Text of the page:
Sunday, September 16, 2012

Toowoomba Carnival of the Flowers (Part 1)

Hey Everyone,

As I said last night in my Bloom Day post, I was lucky enough to go up to Toowoomba yesterday.  The reason why I was so lucky is because next week is the Toowoomba Carnival of Flowers.  The marvelous thing about this carnival is that if you’re a week early it doesn’t matter that much.  Queen’s Park was simply bursting with incredible blooms, so much so that it forced me to take over 600 photos…. The fact that the park forced me to and not that I’m trigger happy is my story and I’m sticking to it J HAHAHA.

Seeing as how there are so many photos I thought I would stagger them out over several posts, and if something interesting happens in my garden I’ll talk about that, but if not then to make sure I make my daily post I’ll post about the Carnival of Flowers…. You know what, lets just call it COF from now on J

Luckily I’m going up again next weekend because mum has a quilt show on up there for the weekend so I’m going to go too, and I’ll probably stay with my grandma and  go on some of the bus tours around the gardens.  We went on a bus tour one year and it was absolutely brilliant, the gardens were just so spectacular and diverse.  Also, because I’m going up next weekend I’ll be able to get photos of the plants that haven’t opened yet, or I might even just go around taking new photos of everything because it is simply more spectacular.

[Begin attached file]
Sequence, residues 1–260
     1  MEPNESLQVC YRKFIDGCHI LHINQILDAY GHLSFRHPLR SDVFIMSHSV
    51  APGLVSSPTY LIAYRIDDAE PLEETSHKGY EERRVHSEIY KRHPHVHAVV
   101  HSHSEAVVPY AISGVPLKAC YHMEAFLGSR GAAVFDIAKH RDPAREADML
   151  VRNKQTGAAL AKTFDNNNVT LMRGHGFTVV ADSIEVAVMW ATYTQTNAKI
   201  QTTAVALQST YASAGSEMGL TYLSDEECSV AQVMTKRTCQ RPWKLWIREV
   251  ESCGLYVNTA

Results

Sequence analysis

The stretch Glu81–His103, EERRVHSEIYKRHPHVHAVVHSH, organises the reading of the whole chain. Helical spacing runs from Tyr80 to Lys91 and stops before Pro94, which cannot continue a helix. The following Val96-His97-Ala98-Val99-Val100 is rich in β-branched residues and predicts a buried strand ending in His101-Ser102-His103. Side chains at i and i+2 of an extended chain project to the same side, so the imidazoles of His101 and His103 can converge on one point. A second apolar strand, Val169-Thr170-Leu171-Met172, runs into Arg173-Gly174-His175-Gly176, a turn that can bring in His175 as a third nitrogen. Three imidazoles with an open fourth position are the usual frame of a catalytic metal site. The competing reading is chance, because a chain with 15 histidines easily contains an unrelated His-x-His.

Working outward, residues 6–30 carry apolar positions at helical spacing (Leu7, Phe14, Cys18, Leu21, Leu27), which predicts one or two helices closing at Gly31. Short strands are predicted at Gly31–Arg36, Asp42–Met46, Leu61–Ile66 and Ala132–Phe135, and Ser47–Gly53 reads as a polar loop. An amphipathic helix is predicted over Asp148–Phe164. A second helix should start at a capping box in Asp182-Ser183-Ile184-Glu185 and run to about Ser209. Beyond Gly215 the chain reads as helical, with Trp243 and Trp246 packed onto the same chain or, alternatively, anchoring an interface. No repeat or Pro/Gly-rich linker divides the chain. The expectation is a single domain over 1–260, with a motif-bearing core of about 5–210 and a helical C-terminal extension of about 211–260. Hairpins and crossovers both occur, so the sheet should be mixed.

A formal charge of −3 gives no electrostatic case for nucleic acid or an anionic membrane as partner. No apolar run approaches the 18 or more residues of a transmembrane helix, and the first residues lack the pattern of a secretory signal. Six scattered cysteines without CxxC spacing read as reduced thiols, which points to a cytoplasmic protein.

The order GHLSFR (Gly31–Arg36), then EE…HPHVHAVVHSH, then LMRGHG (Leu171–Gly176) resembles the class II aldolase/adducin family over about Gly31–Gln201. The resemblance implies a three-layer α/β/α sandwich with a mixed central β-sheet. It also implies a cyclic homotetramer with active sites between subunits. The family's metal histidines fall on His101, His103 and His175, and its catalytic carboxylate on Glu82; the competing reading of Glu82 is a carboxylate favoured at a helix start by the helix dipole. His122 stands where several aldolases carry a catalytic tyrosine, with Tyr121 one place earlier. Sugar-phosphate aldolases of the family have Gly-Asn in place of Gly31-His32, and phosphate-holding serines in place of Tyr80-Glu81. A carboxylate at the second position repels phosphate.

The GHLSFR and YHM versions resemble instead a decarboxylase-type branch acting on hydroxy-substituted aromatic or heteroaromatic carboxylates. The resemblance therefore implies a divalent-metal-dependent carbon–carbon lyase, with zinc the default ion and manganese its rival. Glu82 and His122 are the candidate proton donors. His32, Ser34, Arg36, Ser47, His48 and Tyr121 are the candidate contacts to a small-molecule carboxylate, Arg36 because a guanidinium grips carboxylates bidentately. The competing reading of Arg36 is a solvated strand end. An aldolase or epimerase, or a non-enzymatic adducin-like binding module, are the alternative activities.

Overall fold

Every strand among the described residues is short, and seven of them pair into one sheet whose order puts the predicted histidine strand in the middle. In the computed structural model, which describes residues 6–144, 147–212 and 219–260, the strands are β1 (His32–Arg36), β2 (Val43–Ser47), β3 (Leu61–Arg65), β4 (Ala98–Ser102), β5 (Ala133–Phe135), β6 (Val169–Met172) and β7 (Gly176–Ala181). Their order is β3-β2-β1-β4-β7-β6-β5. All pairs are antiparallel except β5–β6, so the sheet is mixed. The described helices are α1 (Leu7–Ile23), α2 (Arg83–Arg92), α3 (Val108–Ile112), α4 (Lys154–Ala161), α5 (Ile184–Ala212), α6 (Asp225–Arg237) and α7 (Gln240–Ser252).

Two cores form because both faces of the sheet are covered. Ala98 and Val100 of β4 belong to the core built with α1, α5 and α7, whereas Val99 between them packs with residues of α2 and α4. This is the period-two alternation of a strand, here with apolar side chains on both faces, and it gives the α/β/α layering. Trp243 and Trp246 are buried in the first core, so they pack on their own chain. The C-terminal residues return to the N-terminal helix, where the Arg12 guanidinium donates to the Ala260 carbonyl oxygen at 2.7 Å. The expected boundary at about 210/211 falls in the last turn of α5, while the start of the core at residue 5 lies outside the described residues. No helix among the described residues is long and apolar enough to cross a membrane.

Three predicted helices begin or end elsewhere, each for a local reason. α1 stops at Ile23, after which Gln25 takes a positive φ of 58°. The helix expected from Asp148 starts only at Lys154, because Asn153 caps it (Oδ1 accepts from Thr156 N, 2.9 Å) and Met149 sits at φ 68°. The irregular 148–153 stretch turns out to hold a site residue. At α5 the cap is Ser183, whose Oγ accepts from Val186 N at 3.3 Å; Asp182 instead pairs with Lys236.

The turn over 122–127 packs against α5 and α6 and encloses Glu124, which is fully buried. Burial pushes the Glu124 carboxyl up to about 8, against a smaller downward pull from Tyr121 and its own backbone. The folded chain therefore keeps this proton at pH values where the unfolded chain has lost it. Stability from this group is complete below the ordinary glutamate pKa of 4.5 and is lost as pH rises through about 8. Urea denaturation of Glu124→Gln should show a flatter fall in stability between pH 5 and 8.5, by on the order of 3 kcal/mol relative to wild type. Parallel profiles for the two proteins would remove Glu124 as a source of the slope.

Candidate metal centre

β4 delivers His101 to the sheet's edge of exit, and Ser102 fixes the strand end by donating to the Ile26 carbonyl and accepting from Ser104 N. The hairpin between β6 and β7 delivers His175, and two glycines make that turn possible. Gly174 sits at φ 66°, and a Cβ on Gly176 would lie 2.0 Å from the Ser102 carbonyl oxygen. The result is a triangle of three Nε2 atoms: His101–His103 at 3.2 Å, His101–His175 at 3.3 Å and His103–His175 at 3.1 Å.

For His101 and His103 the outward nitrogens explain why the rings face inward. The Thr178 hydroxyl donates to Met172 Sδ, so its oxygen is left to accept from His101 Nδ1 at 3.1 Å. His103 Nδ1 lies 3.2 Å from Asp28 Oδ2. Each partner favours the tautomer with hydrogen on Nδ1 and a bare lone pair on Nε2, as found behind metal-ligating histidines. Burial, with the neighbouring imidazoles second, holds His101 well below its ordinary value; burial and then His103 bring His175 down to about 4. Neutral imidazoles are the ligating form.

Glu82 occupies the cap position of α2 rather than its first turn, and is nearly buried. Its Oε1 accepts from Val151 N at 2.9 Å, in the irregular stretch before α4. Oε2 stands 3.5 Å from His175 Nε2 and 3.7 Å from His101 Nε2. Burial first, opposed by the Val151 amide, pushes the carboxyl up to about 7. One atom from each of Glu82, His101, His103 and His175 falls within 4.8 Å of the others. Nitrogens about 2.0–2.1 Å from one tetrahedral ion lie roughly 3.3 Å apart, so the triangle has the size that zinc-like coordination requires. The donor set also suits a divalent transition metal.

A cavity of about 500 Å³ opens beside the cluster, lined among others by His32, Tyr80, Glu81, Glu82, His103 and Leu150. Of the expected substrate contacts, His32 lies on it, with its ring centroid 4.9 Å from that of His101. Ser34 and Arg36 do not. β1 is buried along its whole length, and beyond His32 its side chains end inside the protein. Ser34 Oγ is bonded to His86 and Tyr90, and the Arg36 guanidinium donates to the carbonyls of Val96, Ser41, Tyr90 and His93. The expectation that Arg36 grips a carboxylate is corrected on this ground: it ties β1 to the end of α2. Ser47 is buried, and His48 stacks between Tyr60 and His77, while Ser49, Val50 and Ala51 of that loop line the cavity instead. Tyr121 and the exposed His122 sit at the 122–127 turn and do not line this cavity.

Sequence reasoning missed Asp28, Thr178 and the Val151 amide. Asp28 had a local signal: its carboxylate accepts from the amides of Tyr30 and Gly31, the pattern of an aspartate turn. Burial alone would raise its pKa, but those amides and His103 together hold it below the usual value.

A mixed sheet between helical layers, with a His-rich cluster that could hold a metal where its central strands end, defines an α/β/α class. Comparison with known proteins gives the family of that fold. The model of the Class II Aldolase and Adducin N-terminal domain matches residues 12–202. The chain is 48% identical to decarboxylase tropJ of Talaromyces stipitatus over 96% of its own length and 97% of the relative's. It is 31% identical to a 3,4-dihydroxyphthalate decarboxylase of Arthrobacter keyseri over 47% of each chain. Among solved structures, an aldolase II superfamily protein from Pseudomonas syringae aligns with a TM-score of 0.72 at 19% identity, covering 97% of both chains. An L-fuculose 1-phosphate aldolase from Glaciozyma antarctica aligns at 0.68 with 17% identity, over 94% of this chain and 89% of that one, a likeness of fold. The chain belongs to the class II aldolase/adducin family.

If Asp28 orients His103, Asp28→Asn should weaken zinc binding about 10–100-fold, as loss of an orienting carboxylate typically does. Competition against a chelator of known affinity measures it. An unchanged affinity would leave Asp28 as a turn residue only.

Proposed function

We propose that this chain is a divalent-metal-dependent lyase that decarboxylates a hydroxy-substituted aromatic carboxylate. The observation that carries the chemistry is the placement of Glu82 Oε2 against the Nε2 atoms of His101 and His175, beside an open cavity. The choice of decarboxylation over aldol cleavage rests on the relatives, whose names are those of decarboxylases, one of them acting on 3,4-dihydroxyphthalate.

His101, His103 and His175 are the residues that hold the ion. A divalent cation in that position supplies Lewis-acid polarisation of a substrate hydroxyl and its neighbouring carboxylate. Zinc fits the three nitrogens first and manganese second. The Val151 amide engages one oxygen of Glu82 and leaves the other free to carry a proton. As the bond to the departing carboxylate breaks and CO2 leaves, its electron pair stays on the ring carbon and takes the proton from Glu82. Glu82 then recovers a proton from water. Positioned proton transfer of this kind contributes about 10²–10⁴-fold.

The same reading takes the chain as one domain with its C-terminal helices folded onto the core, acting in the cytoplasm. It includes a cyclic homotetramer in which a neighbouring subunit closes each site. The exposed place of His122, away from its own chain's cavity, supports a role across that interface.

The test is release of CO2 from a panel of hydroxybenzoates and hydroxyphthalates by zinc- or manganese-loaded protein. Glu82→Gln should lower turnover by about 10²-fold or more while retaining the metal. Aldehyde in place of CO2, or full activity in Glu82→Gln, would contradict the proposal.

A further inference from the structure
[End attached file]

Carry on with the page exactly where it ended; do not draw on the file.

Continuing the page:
Oh, and if while looking through any of the photos you happen to know the name of a plant please do let me know, I would love to know their names and be able to caption them for others who are like me and do not.

Well, I better stop rambling on and show you all some photos, and as i always say, don't forget to click on the photo to see a larger version J